The Evangelical Surprise

Last year the Fairfield Christian Church in Lancaster, Ohio, became a regular stop for journalists covering trends in Christian right politics. In 2004 its pastor, Russell Johnson, helped organize a campaign for a state constitutional amendment to ban gay marriage and succeeded in having it put on the ballot for the November elections. It passed with 63 percent of the vote, and many believed that it gave George W. Bush his narrow margin of victory in the state and returned him to the White House. The following year, Johnson launched the Ohio Restoration Project with the goal of recruiting two thousand “patriot pastors” to register three hundred new voters each and bring them to the polls for “values candidates” in 2006 and beyond.

Johnson’s meetings and rallies began with a chorus singing hymns while images of the American flag, the Statue of Liberty, and American troops in combat moved across huge video screens overhead. Johnson would then speak of “the secular jihad against people of faith” and warn Christians against standing by, as Neville Chamberlain did, while the Jews died in Europe. Talking with visitors to his nondenominational evangelical church, Johnson, energetic and a skillful debater, spoke forcefully on “the bigotry against the teaching of Creationism,” the war against Christmas, and Roe v. Wade, which, he said, had led to the crisis in Social Security by killing millions of American taxpayers. He also described how he worked with other state activists, some with ties to national organizations, to create computerized lists of sympathizers in conservative churches throughout Ohio, and to follow up with the distribution of voting guides and the recruitment of volunteers to bring church members to the polls.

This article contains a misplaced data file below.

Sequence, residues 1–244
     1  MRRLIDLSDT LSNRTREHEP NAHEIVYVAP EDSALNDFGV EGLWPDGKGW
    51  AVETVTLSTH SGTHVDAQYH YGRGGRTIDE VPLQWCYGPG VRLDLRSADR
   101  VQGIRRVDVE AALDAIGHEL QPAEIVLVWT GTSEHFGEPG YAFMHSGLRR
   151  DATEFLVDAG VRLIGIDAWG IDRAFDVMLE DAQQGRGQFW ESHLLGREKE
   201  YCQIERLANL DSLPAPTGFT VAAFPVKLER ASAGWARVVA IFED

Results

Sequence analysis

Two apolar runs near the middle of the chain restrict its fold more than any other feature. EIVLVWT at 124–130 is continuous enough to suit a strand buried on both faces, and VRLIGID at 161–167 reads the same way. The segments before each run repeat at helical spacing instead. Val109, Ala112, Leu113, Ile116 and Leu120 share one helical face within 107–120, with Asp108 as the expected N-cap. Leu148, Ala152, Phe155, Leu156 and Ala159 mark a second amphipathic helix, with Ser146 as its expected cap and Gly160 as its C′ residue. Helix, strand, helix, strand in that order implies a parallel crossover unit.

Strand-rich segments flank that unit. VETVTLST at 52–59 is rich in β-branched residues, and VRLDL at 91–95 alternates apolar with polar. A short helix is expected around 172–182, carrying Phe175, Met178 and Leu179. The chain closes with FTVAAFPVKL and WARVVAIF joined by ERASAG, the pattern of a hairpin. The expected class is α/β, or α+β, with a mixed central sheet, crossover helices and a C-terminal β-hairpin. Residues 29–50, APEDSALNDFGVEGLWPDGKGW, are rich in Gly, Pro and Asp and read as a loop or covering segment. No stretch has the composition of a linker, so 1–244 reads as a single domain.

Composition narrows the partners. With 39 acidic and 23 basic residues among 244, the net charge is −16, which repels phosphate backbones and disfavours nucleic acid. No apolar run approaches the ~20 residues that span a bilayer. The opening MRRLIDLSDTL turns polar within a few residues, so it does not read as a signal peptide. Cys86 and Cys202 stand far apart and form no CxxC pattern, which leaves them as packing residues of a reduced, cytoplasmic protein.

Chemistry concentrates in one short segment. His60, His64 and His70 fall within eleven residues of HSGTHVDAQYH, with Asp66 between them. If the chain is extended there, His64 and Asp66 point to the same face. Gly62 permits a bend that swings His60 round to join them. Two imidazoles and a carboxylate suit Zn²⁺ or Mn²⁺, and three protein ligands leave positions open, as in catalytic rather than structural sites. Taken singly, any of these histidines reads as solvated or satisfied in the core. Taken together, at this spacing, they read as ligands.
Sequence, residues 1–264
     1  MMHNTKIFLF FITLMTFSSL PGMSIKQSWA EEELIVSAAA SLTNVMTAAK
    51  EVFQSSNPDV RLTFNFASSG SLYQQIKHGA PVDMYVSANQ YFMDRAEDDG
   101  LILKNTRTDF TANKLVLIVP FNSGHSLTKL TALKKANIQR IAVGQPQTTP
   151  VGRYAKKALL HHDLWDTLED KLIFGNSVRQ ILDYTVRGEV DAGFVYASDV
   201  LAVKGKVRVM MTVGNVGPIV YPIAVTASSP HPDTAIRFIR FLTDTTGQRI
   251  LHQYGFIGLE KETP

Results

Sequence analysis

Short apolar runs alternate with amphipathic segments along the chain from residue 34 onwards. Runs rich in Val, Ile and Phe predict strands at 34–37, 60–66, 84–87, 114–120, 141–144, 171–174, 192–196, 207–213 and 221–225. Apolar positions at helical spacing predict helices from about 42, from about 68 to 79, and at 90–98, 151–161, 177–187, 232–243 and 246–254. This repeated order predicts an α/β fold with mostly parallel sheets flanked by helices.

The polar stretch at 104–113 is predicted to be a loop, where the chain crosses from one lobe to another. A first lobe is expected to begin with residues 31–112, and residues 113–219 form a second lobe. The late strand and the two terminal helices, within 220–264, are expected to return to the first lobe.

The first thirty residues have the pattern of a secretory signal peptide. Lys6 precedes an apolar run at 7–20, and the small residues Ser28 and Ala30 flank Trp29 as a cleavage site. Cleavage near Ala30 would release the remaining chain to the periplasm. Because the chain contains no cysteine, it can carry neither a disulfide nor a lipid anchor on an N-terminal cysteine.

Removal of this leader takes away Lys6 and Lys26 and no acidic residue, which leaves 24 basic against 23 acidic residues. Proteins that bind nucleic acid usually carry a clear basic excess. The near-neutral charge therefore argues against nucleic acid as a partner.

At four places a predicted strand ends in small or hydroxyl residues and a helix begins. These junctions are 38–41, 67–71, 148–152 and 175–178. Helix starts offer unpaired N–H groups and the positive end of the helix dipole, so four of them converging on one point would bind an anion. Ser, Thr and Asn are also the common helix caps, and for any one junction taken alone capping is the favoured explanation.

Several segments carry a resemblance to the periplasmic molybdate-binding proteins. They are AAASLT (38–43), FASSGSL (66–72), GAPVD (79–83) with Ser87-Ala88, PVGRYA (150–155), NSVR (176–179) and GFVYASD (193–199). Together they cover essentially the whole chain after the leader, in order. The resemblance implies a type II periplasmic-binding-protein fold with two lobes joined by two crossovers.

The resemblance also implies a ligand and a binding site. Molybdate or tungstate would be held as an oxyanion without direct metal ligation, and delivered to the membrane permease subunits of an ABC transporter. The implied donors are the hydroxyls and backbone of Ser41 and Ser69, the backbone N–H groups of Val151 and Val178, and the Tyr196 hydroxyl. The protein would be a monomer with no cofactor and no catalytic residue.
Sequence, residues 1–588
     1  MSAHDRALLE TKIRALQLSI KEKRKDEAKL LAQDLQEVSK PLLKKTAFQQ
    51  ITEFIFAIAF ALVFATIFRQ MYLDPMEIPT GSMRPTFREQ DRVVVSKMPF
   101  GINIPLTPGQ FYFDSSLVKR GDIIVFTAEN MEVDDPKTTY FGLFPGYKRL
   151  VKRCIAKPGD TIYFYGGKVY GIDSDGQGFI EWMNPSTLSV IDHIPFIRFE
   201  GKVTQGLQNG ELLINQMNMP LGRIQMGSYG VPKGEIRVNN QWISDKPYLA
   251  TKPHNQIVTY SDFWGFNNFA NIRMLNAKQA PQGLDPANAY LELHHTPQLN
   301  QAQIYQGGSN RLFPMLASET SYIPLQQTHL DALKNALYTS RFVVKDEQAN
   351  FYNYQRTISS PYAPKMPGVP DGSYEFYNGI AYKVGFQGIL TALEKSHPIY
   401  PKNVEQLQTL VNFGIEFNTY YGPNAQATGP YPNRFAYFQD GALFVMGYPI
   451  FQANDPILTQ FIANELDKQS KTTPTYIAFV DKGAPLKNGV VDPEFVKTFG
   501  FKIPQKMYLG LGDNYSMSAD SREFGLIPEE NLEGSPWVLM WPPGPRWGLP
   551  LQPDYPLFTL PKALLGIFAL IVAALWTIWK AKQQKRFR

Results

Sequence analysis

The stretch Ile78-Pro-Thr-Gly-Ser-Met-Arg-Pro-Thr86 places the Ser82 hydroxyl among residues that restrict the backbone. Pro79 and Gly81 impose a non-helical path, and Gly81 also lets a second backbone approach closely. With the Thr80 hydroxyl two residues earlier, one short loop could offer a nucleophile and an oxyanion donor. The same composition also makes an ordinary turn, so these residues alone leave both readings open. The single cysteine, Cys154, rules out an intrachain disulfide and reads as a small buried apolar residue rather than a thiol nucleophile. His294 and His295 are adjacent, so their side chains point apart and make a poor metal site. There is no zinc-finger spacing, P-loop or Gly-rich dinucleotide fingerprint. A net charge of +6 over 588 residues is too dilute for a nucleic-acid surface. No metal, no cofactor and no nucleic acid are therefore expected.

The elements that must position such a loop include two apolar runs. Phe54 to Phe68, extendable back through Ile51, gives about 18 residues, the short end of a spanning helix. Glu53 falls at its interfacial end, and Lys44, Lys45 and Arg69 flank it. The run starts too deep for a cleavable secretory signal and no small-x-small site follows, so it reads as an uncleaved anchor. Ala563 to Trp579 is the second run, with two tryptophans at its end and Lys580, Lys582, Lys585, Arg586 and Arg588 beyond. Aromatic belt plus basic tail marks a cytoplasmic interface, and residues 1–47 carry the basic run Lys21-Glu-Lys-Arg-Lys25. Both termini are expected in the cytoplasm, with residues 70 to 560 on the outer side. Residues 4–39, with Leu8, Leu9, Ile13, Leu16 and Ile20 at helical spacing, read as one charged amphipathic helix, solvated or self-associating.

In the quarter of a century that Christian right activists such as Johnson have been mobilizing voters to oppose abortion and gay rights, and support prayer in the schools among other causes, conservative white Christians have moved gradually into the Republican camp. In the past two presidential elections, how often a person attended church was a better indicator of how he or she would vote than any other demographic characteristic—income, age, gender—except for race. Blacks voted strongly for Democrats. But those white voters who went to church once a week or more voted heavily for George Bush; those who went seldom or never voted in large measure for Gore, then Kerry, while those who went to church once a month split down the middle, just as voters in general did. The Republicans had, in other words, apparently become a quasi-religious party, and the Democrats the party of less religiously observant people and secularists.

Johnson and his fellow Christian right activists speak of “values voters,” but most of these voters are evangelical Protestants. Evangelicals have a disproportionate part in what pollsters call the “God gap” between the two parties. They make up a quarter of the population—around 75 million people—and a far higher percentage of them are frequent churchgoers than are mainline Protestants and Catholics …

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